News By/Courtesy: Nikitha M | 27 Jul 2020 15:27pm IST


  • Importance and Benefits of protein
  • Common myths and misconceptions of protein
  • Types and Requirements of protein

Protein is one of the three major macronutrients that are essential for a balanced diet. It is considered as the building block of life and is found in every cell of our body. Protein helps in protecting the body from various bacteria and viruses, helps in repairing cells and making new ones, transporting molecules throughout the body, promoting proper growth and development in children, teenagers, and pregnant women. Without appropriate amounts of protein, there could be a risk of missing out on the key functions that could lead to problems like loss of muscle mass, failure to grow, and weakened functioning of the lungs and heart.

 Individuals need to consume protein every day. Protein should be a part of the daily health maintenance plan since it helps in keeping the cells in good shape. The ability of the protein to reduce appetite and hunger levels helps in reducing calorie intake which is a key factor to achieve weight loss. Eating protein also boosts metabolism. It also helps to maintain muscle mass and prevents muscle wasting and helps to strengthen muscles. Eating a high protein diet can help the body in recovering quicker after an injury.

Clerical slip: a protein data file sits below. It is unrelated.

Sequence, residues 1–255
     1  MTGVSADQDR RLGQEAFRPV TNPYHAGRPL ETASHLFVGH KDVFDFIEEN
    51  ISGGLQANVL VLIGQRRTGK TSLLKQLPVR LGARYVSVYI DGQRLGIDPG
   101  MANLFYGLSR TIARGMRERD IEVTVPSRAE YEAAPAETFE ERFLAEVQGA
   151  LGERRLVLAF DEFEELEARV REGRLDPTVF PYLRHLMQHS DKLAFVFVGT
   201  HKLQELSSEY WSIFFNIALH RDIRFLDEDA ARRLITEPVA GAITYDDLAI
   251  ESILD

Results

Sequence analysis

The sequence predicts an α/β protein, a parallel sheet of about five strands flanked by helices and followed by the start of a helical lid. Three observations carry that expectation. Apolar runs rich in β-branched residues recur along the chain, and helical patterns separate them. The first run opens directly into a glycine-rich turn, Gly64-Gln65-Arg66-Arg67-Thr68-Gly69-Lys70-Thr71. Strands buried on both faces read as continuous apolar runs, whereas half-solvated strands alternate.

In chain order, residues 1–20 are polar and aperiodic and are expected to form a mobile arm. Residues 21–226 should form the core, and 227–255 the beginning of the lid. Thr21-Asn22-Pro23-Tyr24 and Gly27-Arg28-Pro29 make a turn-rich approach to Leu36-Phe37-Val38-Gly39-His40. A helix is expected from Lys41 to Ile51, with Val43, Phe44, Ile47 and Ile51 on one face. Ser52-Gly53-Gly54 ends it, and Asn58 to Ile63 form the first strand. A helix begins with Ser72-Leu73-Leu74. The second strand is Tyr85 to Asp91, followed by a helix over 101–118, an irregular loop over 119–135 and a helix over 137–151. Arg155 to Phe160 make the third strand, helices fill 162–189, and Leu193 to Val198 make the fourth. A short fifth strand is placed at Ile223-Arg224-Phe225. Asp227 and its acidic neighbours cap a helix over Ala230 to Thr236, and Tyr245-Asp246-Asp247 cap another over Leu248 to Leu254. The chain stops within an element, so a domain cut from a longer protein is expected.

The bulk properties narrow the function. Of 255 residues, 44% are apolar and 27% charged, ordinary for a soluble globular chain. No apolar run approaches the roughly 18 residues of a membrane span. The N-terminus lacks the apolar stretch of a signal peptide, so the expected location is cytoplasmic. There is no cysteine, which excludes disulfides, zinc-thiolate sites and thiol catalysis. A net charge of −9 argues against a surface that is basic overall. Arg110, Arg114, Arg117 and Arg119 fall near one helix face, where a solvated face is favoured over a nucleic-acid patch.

There are some common myths and misconceptions about daily protein intake like vegetables and fruits provide protein, high protein intake harms the kidneys, protein is difficult to digest and therefore helps to gain weight, protein is required only to build muscles, and vegetarians do not get adequate protein. Over 70% of Indian mothers believe in these myths and decide to pick vitamins and carbohydrates for their families including their kids.

 There are different types of protein like complete proteins which include all the essential amino acids, incomplete proteins which include at least one essential amino acid so there is a lack of balance in the proteins and finally complementary proteins which refer to two or more foods with incomplete proteins that can be combined to supply complete proteins.

 The protein requirement for an adult is usually 1 gram of protein per kilogram of body weight and for children, it should be slightly more than 1 gram per kilogram of body weight and the sources in which protein is available are cheese, pannier, chicken, peanut butter, seafood, beans, and peas, etc.


This article does not intend to hurt the sentiments of any individual, community, sect, or religion etcetera. this article is based purely on the author's personal views and opinions in the exercise of the fundamental right guaranteed under Article 19(1)(a) and other related laws being a force in India, for the time being.

Section Editor: Pushpit Singh | 27 Jul 2020 19:44pm IST

Tags : Daily dose of protein

Latest News

Copyright Kalyan Krishna MediaZ Private Limited. All rights reserved. Unless otherwise indicated, all materials on these pages are copyrighted by Kalyan Krishna MediaZ Private Limited. All rights reserved. No part of these pages, either text or image may be used for any purpose. By continuing past this page, you agree to our Terms of Service, Cookie Policy, Privacy Policy and Content Policies.